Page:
U.S. Department
of Transportation

Federal Aviation
Administration

St. Louis
Flight Standards District Office

10801 Pear Tree Lane
Suite 200
St. Ann, Missouri 63074

 

January 1999 

 

AVIATION SAFETY NEWSLETTER

www.faa.gov/fsdo/stlfsdo

Thought for the month....We're all going down the same road in different directions.

SKIP THE BUMPS?....The flying business is a constantly changing environment. In the last 10 years or so, there's been a significant change in the way people prepare for a career in aviation. The traditional process of getting a commercial certificate and then instructing and flying charter to build time still works. However, more and more pilots are finding that they can get a paying seat by attending professional flight training schools and by-passing the traditional bumpy road.

One of the benefits of becoming a flight instructor is that it will sharpen our technical skills and enlighten us on the human element in flying. It will also increase our understanding of aviation decision making and judgment in a way that nothing else can. Having said that however, there's nothing worse, or more harmful to aviation, than a person who is a CFI, but doesn't want to be there. Not everyone who wants to fly, wants to teach.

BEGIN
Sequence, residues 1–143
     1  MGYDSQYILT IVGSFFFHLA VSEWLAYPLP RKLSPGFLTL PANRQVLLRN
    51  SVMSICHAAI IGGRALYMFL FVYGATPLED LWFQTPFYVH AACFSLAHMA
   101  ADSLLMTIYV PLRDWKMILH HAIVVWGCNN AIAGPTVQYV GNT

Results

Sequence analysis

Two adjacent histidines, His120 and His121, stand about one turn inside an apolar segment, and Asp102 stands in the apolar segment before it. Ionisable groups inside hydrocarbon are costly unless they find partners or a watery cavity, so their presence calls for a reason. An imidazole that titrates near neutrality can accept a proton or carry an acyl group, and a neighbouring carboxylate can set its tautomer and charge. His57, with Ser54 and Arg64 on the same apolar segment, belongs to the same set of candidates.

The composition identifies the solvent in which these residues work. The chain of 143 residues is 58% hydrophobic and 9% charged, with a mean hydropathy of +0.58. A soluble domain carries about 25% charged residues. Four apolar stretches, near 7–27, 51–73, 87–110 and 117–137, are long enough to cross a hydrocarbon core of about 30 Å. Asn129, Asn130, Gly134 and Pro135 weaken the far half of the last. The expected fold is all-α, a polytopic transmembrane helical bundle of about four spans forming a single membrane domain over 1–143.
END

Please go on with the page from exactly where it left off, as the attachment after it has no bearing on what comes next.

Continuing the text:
Because of technological advances in cockpit design, there are benefits to receiving specialized focused training. Several hundred hours of flight instruction in a logbook are great to have, but they might not provide a lot of insight into glass cockpits and flight management systems. Showing up at an employer's door with an ATP and a type rating would certainly be a benefit. On the other hand, knowing how to program a flight computer probably won't help our piloting skills nearly as much as teaching spins and performance maneuvers.

Some people argue that basic stick and rudder skills are not as important in professional flying as they used to be. It's true that automation in flying has created pilots who are flight system managers more than flight control manipulators. But I would argue that just the reverse is true regarding basic flying skills. As long as all the magic is working, most modern aircraft can do a great job of flying themselves. When something breaks however, high quality flying skills coupled with "been there, done that" experience, is going to save the day. One only needs to look at aviation in emerging countries around the world to verify that fact. Commercial aviation is experiencing its greatest growth in countries that have no indigenous pilot population. There's no general aviation, no flight instructors, no chance to haul checks on dark icy nights - no chance to pay your "dues". As a result, the accident rate in these countries is many times higher than in the USA.